By Mark Matsunaga
Advertiser Staff Writer
The prosecution portrays Dennis "Bumpy" Kanahele as a danger to the community. His supporters claim he's a peace loving political prisoner.
U.S. District Judge Helen Gillmor bought the prosecution's view yesterday, upholding a ruling that Kanahele be held without bail until his trial on charges of harboring a federal fugitive.
Gillmor's ruling came despite testimony on Kanahele's behalf from Mahealani Kamau`u, executive director of the Native Hawaiian Legal Corp., and Marc Oley, former chairman of the state Paroling Authority.
Kamau`u, who has known Kanahele for years and served with him on the Sovereignty Elections Council, described him as "a person of deep and enduring compassion for his people; definitely not a danger to the community."
Oley, now with a real estate development company, said he came forward because he was "disturbed" by Kurren's description of Kanahele as a "danger to the community" and a likely no-show for trial.
Oley said he met Kanahele in 1988, when the Paroling Authority set a one-year minimum term for Kanahele's conviction on a felony charge of threatening a police officer during the occupation of Makapuu Lighthouse, and the following year, when Kanahele was paroled.
"We were impressed with his sincerity and his dignity," said Oley, who recalled Kanahele's vowing not to use firearms again. "He promised he wouldn't and, to my knowledge, he never did."
Assistant U.S. Attorney Les Osborne hammered on Kanahele's failure to live up to an agreement with Honolulu police to resolve warrants for traffic citation issued to him and his followers for using homemade "Hawaiian Sovereign" license plates, and for other offenses.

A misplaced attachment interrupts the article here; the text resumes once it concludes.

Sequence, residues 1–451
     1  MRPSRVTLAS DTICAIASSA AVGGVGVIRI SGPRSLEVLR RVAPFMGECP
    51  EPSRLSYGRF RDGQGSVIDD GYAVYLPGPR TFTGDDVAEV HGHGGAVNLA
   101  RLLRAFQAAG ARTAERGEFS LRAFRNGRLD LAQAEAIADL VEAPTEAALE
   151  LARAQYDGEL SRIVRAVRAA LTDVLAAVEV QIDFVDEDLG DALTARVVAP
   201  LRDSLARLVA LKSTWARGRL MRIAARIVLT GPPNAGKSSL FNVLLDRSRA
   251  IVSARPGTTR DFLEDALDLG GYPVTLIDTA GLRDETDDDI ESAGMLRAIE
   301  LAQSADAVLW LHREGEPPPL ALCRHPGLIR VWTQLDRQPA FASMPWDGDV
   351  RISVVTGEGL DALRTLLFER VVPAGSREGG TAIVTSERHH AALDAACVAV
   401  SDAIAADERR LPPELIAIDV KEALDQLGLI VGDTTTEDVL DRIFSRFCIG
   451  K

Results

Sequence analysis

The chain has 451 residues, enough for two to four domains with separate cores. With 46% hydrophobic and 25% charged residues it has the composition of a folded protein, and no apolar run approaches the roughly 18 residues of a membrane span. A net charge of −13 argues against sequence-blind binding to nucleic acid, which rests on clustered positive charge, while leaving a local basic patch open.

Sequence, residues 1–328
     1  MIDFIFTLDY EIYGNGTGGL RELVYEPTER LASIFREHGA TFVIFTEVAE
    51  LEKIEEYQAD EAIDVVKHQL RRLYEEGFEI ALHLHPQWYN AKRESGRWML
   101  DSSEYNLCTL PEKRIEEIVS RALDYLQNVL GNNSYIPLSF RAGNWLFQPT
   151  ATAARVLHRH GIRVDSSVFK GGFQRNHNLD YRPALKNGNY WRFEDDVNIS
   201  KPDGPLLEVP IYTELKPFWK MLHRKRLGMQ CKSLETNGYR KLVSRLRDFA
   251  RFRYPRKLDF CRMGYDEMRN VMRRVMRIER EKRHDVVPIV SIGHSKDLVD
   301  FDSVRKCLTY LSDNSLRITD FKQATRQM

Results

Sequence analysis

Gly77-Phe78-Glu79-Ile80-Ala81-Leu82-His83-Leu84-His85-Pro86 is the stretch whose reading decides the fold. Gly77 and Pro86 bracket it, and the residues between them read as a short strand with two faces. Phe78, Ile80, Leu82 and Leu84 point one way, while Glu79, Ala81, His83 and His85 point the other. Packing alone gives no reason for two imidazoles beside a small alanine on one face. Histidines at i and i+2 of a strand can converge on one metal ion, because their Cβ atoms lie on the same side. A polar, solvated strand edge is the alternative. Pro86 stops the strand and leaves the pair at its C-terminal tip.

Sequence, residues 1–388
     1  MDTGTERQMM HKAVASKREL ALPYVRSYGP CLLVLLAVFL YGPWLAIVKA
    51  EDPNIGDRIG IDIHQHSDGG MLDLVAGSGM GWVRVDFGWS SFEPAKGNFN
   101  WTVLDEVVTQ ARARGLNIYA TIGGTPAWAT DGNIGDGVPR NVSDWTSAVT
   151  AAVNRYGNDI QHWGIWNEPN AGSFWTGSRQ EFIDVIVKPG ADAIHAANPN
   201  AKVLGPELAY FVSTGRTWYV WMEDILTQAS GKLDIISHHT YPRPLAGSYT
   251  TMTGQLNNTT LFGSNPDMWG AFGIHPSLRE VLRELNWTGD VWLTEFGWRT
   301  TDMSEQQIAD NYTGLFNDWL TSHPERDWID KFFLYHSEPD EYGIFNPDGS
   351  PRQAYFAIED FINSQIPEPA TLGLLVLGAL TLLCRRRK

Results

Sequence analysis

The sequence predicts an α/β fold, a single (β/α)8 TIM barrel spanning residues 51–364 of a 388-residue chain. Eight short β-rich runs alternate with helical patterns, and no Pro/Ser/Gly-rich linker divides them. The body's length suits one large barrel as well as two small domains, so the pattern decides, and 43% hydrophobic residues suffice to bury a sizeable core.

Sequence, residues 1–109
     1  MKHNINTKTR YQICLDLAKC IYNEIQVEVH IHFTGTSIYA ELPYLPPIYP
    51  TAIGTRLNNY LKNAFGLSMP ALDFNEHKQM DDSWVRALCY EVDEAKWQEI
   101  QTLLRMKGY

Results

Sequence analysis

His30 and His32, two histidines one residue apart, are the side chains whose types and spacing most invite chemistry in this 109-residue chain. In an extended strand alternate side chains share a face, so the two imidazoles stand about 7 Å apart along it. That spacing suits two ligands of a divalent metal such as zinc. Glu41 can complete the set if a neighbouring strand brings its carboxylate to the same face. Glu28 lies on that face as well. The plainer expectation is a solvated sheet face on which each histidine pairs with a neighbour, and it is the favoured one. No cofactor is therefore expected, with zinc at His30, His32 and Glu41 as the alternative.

And Osborne cited the nature of the charges against Kanahele. Two of the three counts against him are felonies involving an incident on March 16, 1994, in which Kanahele allegedly blocked two deputy U.S. Marshals who had gone to his home to arrest fugitive Nathan Brown, who remains at large.
The federal attorney said that if Kanahele were to renege on his promise to appear for trial, "the consequences of having to go out into the community to arrest him again would present a clear and present danger to the people of the state."
Kanahele's attorney, Hayden Aluli, described the incident as "a scuffle." And while the charges against him are serious, he said, they don't warrant his being held without bail.
Aluli also asked Gillmor to overturn Kurren's ruling because Kurren was one of the federal officials who had received a Nation of Hawaii "warning notice" accusing them of war crimes and genocide against Hawaiians.
Gillmor said that while Kurren said he considered the notice to be a threat, his ruling was not affected by it.
Through Aluli, Kanahele had offered, as a condition of his release, to have his supporters stop issuing notices or "arrest warrants" to officials.
After yesterday's hearing, Duke Sabedong, the nation's minister of justice, said that action might resume.
Several dozen Kanahele supporters packed Gillmor's courtroom yesterday.
Afterward, they filed out in glum silence, except for one woman - one of several kupuna (elders) who showed up in white dresses and pink capes - who said bitterly, "This is justice?"
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